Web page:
* Lead Contributor: Sam Oliver

6.4 AssetTag Timestamp Caching

You’re likely familiar with Rails’ practice of adding timestamps to static asset paths as a “cache buster.” This helps ensure that stale copies of things like images and stylesheets don’t get served out of the user’s browser cache when you change them on the server. You can now modify this behavior with the cache_asset_timestamps configuration option for Action View. If you enable the cache, then Rails will calculate the timestamp once when it first serves an asset, and save that value. This means fewer (expensive) file system calls to serve static assets – but it also means that you can’t modify any of the assets while the server is running and expect the changes to get picked up by clients.
6.5 Asset Hosts as Objects

Asset hosts get more flexible in edge Rails with the ability to declare an asset host as a specific object that responds to a call. This allows you to to implement any complex logic you need in your asset hosting.

* More Information: asset-hosting-with-minimum-ssl

6.6 grouped_options_for_select Helper Method

Action View already had a bunch of helpers to aid in generating select controls, but now there’s one more: grouped_options_for_select. This one accepts an array or hash of strings, and converts them into a string of option tags wrapped with optgroup tags. For example:
grouped_options_for_select([[“Hats”, [“Baseball Cap”,”Cowboy Hat”]]], “Cowboy Hat”, “Choose a product…”)

Choose a product… Baseball Cap Cowboy Hat
6.7 A Note About Template Loading

Rails 2.3 includes the ability to enable or disable cached templates for any particular environment. Cached templates give you a speed boost because they don’t check for a new template file when they’re rendered – but they also mean that you can’t replace a template “on the fly” without restarting the server.

In most cases, you’ll want template caching to be turned on in production, which you can do by making a setting in your production.rb file:
config.action_view.cache_template_loading = true

This line will be generated for you by default in a new Rails 2.3 application. If you’ve upgraded from an older version of Rails, Rails will default to caching templates in production and test but not in development.
6.8 Other Action View Changes

* Token generation for CSRF protection has been simplified; now Rails uses a simple random string generated by ActiveSupport::SecureRandom rather than mucking around with session IDs.
* auto_link now properly applies options (such as :target and :class) to generated e-mail links.
* The autolink helper has been refactored to make it a bit less messy and more intuitive.
* current_page? now works properly even when there are multiple query parameters in the URL.

7 Active Support

Active Support has a few interesting changes, including the introduction of Object#try.
7.1 Object#try

A lot of folks have adopted the notion of using try() to attempt operations on objects. It’s especially helpful in views where you can avoid nil-checking by writing code like . Well, now it’s baked right into Rails. As implemented in Rails, it raises NoMethodError on private methods and always returns nil if the object is nil.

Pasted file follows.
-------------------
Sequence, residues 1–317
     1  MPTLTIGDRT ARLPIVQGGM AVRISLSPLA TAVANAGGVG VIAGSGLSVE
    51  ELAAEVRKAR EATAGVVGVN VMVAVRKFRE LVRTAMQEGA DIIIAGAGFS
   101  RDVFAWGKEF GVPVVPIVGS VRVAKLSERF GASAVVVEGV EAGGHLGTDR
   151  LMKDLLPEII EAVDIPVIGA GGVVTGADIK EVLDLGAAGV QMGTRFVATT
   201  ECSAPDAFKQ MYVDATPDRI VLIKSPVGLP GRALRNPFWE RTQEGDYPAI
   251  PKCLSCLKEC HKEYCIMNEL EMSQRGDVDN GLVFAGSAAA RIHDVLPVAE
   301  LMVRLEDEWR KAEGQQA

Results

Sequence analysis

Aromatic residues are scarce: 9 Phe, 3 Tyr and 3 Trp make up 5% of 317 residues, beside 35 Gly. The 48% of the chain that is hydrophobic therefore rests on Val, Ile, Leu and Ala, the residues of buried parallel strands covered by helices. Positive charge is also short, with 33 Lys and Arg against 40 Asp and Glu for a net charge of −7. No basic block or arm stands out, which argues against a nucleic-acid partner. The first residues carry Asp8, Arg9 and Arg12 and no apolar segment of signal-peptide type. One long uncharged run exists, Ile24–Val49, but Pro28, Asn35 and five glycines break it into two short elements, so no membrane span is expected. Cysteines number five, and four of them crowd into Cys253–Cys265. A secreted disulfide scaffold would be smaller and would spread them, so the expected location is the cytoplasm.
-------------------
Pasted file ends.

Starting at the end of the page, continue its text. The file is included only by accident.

* More Information: try().

7.2 Object#tap Backport
Object#tapis an addition to Ruby 1.9 and 1.8.7 that is similar to the returning method that Rails has had for a while: it yields to a block, and then returns the object that was yielded. Rails now includes code to make this available under older versions of Ruby as well.
7.3 Fractional seconds for TimeWithZone

The Time and TimeWithZone classes include an xmlschema method to return the time in an XML-friendly string. As of Rails 2.3, TimeWithZone supports the same argument for specifying the number of digits in the fractional second part of the returned string that Time does:
>> => “2009-01-16T13:00:06.13653Z”

* Lead Contributor: Nicholas Dainty

7.4 JSON Key Quoting

If you look up the spec on the “” site, you’ll discover that all keys in a JSON structure must be strings, and they must be quoted with double quotes. Starting with Rails 2.3, we do the right thing here, even with numeric keys.
7.5 Other Active Support Changes

* You can use Enumerable#none? to check that none of the elements match the supplied block.
* If you’re using Active Support delegates, the new :allow_nil option lets you return nil instead of raising an exception when the target object is nil.
* ActiveSupport::OrderedHash: now implements each_key and each_value.
* ActiveSupport::MessageEncryptor provides a simple way to encrypt information for storage in an untrusted location (like cookies).
* Active Support’s from_xml no longer depends on XmlSimple. Instead, Rails now includes its own XmlMini implementation, with just the functionality that it requires. This lets Rails dispense with the bundled copy of XmlSimple that it’s been carting around.

8 Railties

In addition to the Rack changes covered above, Railties (the core code of Rails itself) sports a number of significant changes, including Rails Metal, application templates, and quiet backtraces.
8.1 Rails Metal

Rails Metal is a new mechanism that provides superfast endpoints inside of your Rails applications. Metal classes bypass routing and Action Controller to give you raw speed (at the cost of all the things in Action Controller, of course). This builds on all of the recent foundation work to make Rails a Rack application with an exposed middleware stack. Metal endpoints can be loaded from your application or from plugins.

* More Information:
o Introducing Rails Metal